I teach Uncreative Writing in an English department at an Ivy League University: I teach students to appropriate, plagiarize, patch-write, and steal. If they show a trace of “creativity,” they are demoted. For a final project, I make them break the most sacred taboo in academia: they must buy a term paper from an online paper mill and present it to me as their own. What I do in the classroom is illegal and unlawful; some might even call it immoral. But the students—and even the parents of the students who have sat in on classes—love it. Finally, what they’ve surreptitiously been doing for years is brought out into the light of day and framed in terms of responsibility rather than reckless “theft.” At the end of the day, I don’t expect them to forever write this way. Instead, they’ve got another tool in their writing toolbox. Unlike the reaction to Day or UbuWeb, students understand that such gestures have many dimensions, that by writing this way, they can also continue to write in more conventional ways. It’s not either/or. But this is typical of their generation: the Internet is just another tool, like oil paint and ceramics. I admire their fluidity and their nonhierarchical approach to media.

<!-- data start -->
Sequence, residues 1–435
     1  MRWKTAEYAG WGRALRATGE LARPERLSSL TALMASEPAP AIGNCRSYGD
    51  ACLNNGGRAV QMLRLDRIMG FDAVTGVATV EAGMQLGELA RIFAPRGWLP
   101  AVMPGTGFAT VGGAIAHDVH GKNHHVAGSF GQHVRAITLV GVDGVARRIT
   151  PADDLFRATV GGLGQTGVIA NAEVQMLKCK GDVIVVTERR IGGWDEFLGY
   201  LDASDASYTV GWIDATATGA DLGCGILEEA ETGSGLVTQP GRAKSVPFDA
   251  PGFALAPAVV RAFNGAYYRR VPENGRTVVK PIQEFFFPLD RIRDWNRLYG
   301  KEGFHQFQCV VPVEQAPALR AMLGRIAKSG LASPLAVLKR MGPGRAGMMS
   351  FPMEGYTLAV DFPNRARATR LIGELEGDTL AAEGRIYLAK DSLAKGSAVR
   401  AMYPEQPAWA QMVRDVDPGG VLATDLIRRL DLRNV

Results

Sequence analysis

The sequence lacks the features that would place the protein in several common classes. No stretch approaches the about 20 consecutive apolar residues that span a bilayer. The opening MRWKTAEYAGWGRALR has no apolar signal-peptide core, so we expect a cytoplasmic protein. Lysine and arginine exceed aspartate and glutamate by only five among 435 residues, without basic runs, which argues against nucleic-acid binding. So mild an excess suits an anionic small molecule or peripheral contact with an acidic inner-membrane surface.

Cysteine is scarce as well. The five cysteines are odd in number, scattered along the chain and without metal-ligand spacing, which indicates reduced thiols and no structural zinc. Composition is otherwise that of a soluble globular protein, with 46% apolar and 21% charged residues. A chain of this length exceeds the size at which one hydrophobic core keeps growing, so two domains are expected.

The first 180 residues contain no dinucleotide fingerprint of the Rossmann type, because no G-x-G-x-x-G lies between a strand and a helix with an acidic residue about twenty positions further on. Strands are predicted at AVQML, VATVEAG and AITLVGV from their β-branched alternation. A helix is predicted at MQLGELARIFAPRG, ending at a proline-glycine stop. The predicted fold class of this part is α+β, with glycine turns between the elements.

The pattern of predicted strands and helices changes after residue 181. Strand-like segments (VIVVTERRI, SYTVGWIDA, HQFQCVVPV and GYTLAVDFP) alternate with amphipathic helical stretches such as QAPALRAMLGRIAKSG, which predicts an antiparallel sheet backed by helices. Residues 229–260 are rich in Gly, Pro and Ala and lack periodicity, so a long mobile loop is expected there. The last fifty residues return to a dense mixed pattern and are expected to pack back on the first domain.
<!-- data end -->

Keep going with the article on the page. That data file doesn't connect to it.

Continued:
And still, what would a nonexpressive poetry look like? A poetry of intellect rather than emotion? One in which the substitutions at the heart of metaphor and image were replaced by the direct presentation of language itself, with “spontaneous overflow” supplanted by meticulous procedure and exhaustively logical process? In which the self-regard of the poet’s ego were no longer whether it could have been done better (the question of the workshop), but whether it could conceivably have been done otherwise. (Craig Dworkin, “Introduction to The UbuWeb Anthology of Conceptual Writing,”, accessed February 9, 2010.)